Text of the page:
An arbitration clause contained in an invoice for a later-executed artwork purchase cannot be applied to disputes arising under invoices from prior sales that did not contain the clause, held the Michigan Supreme Court in Beck et al. v. Park West Galleries, Inc. et al.
, No. 151687. The Court further held that a party cannot be required to arbitrate a dispute to which he has not agreed to arbitrate.
The plaintiffs in this case purchased artwork from the defendant on various occasions spanning 2003 to 2009 while on a cruise ship. The invoices from 2003 and 2004 for two of the plaintiffs (the “Oppenheims”) did not contain an arbitration clause that defendant started to include on invoices beginning in 2007. Years after purchase, the plaintiffs discovered that their artwork was not worth the represented value and some was forged. They filed suit against defendant. Defendant filed a motion for summary judgment, but the trial court declined to dismiss the claims brought by the Oppenheims because their invoices from 2003 and 2004 did not contain the arbitration clause. The trial court also determined that the arbitration clause in the later invoices did not extend to the 2003 and 2004 purchases. On appeal, the Court of Appeals reversed the trial court in part and concluded that the arbitration clause in invoices for the later-executed purchases applied retroactively to the prior purchases for which the invoices did not contain the clause. The plaintiffs filed an application for leave to appeal to the Supreme Court.
The Supreme Court concluded that the Court of Appeals erred because “‘a party cannot be required to arbitrate an issue which he has not agreed to submit to arbitration,’ and there is no evidence from which this Court can conclude that the parties’ intended to subject the earlier transactions to arbitration.” According to the Court, Michigan law requires that separate contracts be treated as such, and therefore, each invoice, in this case, constituted a separate contract capable of independent enforcement. Significant, was the fact that the plain language of the arbitration clause in the later invoices did not contain language that referred to previous transactions between the parties. The Court dismissed the Court of Appeals reliance on a general policy of Michigan courts to resolve all conflicts in favor of arbitration and held that this general policy cannot trump the actual intent and the agreement of the two parties.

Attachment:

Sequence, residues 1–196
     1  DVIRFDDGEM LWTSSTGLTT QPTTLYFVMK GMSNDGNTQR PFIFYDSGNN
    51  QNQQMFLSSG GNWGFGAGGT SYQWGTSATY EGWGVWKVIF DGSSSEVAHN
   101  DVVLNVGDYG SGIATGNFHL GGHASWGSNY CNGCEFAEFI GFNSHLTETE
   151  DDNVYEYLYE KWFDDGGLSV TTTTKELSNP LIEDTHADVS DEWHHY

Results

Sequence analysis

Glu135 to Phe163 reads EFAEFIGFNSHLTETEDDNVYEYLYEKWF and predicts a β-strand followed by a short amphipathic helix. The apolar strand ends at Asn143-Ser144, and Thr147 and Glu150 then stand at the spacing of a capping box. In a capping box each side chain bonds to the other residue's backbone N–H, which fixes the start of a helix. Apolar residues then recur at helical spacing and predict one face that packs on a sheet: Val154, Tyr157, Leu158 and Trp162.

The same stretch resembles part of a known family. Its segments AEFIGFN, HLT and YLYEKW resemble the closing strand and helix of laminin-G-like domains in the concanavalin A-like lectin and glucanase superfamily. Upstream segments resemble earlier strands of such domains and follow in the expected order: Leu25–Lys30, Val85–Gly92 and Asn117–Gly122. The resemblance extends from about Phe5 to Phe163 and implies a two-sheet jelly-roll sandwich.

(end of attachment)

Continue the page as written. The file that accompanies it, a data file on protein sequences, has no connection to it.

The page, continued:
Accordingly, the Supreme Court reversed the part of the Court of Appeals decision that applied the arbitration clause to the parties’ prior transactions and remanded the case for consideration of issues raised on appeal that the Court of Appeals did not address.